“Fame is a form of incomprehension, perhaps the worst”
—Jorge Luis Borges—
“So what genre does your novel fall into? Magic realism? Surrealism?” Wendt realized that Salas was on his way to getting sloshed so now would be the time to trot out some of the lame questions Nora had prompted him to ask.
Salas took a while to answer. “I’m not sure I know the difference. What I’m saying is that they’re practically the same thing. But the word surrealism is associated with the grotesque and the darker side of the psyche thanks to artists like Dali. The acceptable term now is magic realism which is kind of a misnomer because it is neither magic nor realism.”
“Why Third Brain? What’s the second brain?”
“Right brain, left brain, third brain.” There was just a hint of defensiveness.
Wendt tilted his head trying to get an angle on it.
“Of course if you’re into homeopathy, the gut is the second brain, some would argue the first.”
“You learn that living out in the country?”
“Oh yeah, it’s a whole different world out there.”
Wendt nodded “I’ll bet” and sipped tentatively at his beer. “What’s the premise again?”
“Ever wake up in the morning with an erection and a full bladder?”
“You mean a piss hardon? More often than not, yeah.”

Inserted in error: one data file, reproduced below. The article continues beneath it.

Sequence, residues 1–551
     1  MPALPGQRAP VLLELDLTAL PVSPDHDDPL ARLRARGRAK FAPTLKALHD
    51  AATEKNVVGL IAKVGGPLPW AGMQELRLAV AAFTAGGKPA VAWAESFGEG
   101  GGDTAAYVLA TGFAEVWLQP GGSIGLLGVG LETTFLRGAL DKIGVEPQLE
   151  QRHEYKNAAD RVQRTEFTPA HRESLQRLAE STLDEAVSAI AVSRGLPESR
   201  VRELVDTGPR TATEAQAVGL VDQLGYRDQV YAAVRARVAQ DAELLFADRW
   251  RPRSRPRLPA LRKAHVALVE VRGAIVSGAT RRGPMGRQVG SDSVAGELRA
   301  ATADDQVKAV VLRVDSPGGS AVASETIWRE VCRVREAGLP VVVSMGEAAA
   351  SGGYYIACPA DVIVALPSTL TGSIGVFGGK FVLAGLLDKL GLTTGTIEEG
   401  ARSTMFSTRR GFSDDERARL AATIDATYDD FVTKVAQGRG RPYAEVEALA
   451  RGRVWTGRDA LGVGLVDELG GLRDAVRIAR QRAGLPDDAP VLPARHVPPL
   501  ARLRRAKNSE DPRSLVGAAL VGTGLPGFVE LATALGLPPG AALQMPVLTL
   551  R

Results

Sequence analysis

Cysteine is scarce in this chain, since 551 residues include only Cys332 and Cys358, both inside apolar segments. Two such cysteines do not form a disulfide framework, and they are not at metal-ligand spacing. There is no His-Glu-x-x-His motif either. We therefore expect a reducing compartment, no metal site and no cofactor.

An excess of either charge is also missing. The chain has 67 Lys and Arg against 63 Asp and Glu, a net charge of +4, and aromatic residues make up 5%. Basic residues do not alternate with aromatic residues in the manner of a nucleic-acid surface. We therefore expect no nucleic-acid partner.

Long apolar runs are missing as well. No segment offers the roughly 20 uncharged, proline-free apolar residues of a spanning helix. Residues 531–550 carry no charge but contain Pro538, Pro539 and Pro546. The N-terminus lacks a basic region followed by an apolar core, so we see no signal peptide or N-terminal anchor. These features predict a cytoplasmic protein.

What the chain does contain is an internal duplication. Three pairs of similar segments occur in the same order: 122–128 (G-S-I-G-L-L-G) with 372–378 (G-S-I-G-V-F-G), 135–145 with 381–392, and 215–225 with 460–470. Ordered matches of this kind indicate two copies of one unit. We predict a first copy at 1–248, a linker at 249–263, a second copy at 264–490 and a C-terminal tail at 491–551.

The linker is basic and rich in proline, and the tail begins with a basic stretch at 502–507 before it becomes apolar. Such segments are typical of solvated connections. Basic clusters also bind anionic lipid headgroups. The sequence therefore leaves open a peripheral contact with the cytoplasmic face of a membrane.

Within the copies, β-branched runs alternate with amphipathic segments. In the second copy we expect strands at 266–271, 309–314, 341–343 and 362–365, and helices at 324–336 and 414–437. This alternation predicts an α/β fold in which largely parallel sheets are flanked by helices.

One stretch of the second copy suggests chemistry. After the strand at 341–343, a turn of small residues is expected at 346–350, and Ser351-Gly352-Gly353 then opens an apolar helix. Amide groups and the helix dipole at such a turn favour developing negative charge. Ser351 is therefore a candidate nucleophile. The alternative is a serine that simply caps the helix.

“Well, your tumescence has nothing to do with the urge to relieve yourself. It is merely the coincidence of two factors. One, your bladder is reminding you to empty it of the overnight urine accretion as part of the normal biological process. And the engorgement of the instrument for fulfilling that urge is due to a particular phenomenon associated with dream sleep.”
“You lost me. I got the part about needing to take a leak, but. . . .”
“Most men associate their morning lumber with the urge to take a honking piss. In point of fact it is due to their coming out of a rapid eye movement dream state during which the short arm is saluting thanks to a neurological similarity between the dream experience and sexually stimulated arousal.”
Wendt narrowed his eyes in consideration. “Ok, I’ll put a down payment on that.”
“Sleep researchers call it the dream antenna.”
“That’s the premise of your novel?”
“Actually it’s more of the device. The premise is a take on that old saying that men think with their dicks. Thinking, after all, being a bodily function. As Merleau-Ponty said, ‘To perceive is to be present to something through the body.’ Ergo, the location of the third brain.”
Wendt flinched and rolled his eyes mentally. Who used ‘ergo’ anymore. And what was it about guys wanting to talk about their peckers? First Granahan and now Salas though he could remember back to the days when writing a poem about ones salamander was quite the thing which of course paled in comparison to women’s depictions of their pudenda and graphic menstruations.
“The erection is residual like the fading mental images of the dream. Sometimes we try to hang on to those images because of their cerebral uniqueness and we also don’t want to let go of the physical sensuality of the boner. In the novel, Henry Miller. . . .”
“Wait a minute, your protagonist is named Henry Miller?”
“Yeah, no big deal, it’s a pretty common name. Check the phone book. There are two pages of listings for Miller and at least half a dozen of them are Henry.”
“But Henry Miller. . . .”
“It just gives it a little literary resonance. A hook is a hook is a hook to paraphrase la belle Stein. I’m guessing you haven’t read the novel yet.”